What Sun, Wind, and Light?

We have a new space, an 82 year old coffee factory, where we’ll be moving our office and be able to expand our shop (aka materials & methods lab). To better understand where are are going and options for the building, we’ve been researching sustainable architectural ideas. It has been a mad dash through absorption chillers, solar concentrators, wind turbines, hydronic radiant cooling, geothermal closed loop heat exchangers, MgO concrete stucco…

One of the books we read is “Sun, Wind, and Light: Architectural Design Strategies” by Mark DeKay and G. Z. Brown. Which really helped change our thinking. The main point they made was that mechanical heating and cooling should be the last resort. We had been looking there first being concerned about how to cool the space. So where do we start? Turns out we need data about the climate and environment to learn how the building reacts. Then we can better determine our options.

How’s the weather?

To monitor the climate, the external forces on the building, we looked at setting up a local weather station. There are so many options. We could build our own station with an Arduino or RaspPi and attach various sensors to them or buy pre-built systems. But as tempting as it was to build our own, we went with a pre-built solution. After scanning dozens of stations with various features and price points, we chose the Davis Vantage Pro2 Plus with 24-Hr Fan Aspirated Radiation Shield.

20141015 152619 BE7f iPhone 5

This weather station provides all the features we wanted and at a good price. Indoor/Outdoor temperature and humidity will help us see thermal and moisture dynamics. Wind Speed/Direction will show us potential for wind power, evaporative cooling, and ventilation. Solar radiation and UV Index relates to solar photovoltaic generation and solar hot water options. Rain collector points to rain catchment volumes for cooling and irrigation.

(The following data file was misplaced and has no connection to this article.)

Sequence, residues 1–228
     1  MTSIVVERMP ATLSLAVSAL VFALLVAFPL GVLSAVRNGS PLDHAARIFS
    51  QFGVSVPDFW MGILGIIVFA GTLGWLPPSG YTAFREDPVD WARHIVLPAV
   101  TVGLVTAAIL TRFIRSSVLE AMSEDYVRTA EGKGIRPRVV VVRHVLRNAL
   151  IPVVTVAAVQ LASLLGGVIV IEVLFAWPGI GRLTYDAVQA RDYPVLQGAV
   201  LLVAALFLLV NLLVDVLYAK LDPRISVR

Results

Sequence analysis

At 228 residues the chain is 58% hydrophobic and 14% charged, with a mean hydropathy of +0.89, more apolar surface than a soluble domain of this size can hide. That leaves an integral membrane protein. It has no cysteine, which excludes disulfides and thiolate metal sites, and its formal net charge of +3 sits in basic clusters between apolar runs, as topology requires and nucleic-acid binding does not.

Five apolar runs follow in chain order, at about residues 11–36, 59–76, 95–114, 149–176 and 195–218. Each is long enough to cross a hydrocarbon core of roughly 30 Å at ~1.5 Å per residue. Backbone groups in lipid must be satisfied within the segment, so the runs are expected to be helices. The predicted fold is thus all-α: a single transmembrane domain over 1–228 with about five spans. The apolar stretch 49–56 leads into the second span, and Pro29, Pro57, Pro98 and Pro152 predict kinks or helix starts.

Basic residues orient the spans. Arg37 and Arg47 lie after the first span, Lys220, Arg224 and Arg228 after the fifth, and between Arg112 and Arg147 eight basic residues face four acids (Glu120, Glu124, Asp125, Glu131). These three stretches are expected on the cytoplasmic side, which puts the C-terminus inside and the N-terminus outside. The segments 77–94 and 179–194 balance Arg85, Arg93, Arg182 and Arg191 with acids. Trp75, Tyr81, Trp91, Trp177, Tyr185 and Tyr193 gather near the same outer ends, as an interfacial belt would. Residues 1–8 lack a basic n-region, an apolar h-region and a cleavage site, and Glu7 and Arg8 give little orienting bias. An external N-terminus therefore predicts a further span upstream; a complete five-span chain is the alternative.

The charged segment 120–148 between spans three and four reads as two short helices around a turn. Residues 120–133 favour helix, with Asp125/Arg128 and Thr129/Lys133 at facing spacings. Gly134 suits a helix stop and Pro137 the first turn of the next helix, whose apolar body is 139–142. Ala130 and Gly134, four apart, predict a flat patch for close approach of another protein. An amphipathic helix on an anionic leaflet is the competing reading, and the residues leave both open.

Setting It Up

Placing the weather station for us was easy. We put it on the roof which is flat and easily accessible. Since we’ve never run a weather station before, we used an Ambient Weather EZ-NPP Tripod and Mast so we can easily move the station and don’t need to pierce the roof with anchor bolts. Roofs leak. No point in helping them leak more.

20141024 111540 BE7f iPhone 5

20141024 115538 BE7f iPhone 5

20141024 124221 BE7f iPhone 5

We added two extension poles to the mast, raising the anemometer an extra four feet higher.

20141024 124201 BE7f iPhone 5

Another important step is grounding the mast. Our station is wireless so it isn’t directly connected to the electrical system.

20141025 181639 BE7f iPhone 5

For a grounding point, we took advantage of a water pipe that feeds up from the main water pipe that hangs through the center of the first floor. We’re using 6gauge bare copper wire used to ground rooftop antennas. We left the extra wire in case we need to move the station.

20141025 182837 BE7f iPhone 5

Getting Data

Two floors below is our weather console. A solar powered radio in the station transmits data to the Console.

20141024 112800 BE7f iPhone 5

We added WeatherLinkIP to our station mainly for the dongle that connects the Console to an IP Network. This allows us to pull data into WeatherSnoop 3 to an instrument panel. It then generates graphs and can export the data to many internet weather sites and our own web server.

20141024 130143 BE7f iPhone 5

Indigo has a WeatherSnoop plugin so we’ll be able to use weather data to automate devices like lights or fans with Insteon, Z-Wave, or X10.

20141016 124252 BE7f iPhone 5

Now What?

The climate is now instrumented. What about the environment? Inside the building we are putting up a wireless sensor network using XBee devices…